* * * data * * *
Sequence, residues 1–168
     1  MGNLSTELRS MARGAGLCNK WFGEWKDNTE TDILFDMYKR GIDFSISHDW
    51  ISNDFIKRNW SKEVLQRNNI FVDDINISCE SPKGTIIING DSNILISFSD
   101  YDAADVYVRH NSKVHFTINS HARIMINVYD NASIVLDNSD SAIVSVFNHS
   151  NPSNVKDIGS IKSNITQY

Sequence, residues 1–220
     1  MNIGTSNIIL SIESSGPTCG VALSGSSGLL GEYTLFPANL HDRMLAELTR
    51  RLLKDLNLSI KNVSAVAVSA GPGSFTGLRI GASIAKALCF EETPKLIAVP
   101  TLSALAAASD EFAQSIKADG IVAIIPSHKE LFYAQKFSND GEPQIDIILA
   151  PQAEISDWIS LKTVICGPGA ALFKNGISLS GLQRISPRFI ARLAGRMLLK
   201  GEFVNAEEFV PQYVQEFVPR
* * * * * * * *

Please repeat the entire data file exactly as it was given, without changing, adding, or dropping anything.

Sequence, residues 1–168
     1  MGNLSTELRS MARGAGLCNK WFGEWKDNTE TDILFDMYKR GIDFSISHDW
    51  ISNDFIKRNW SKEVLQRNNI FVDDINISCE SPKGTIIING DSNILISFSD
   101  YDAADVYVRH NSKVHFTINS HARIMINVYD NASIVLDNSD SAIVSVFNHS
   151  NPSNVKDIGS IKSNITQY

Sequence, residues 1–220
     1  MNIGTSNIIL SIESSGPTCG VALSGSSGLL GEYTLFPANL HDRMLAELTR
    51  RLLKDLNLSI KNVSAVAVSA GPGSFTGLRI GASIAKALCF EETPKLIAVP
   101  TLSALAAASD EFAQSIKADG IVAIIPSHKE LFYAQKFSND GEPQIDIILA
   151  PQAEISDWIS LKTVICGPGA ALFKNGISLS GLQRISPRFI ARLAGRMLLK
   201  GEFVNAEEFV PQYVQEFVPR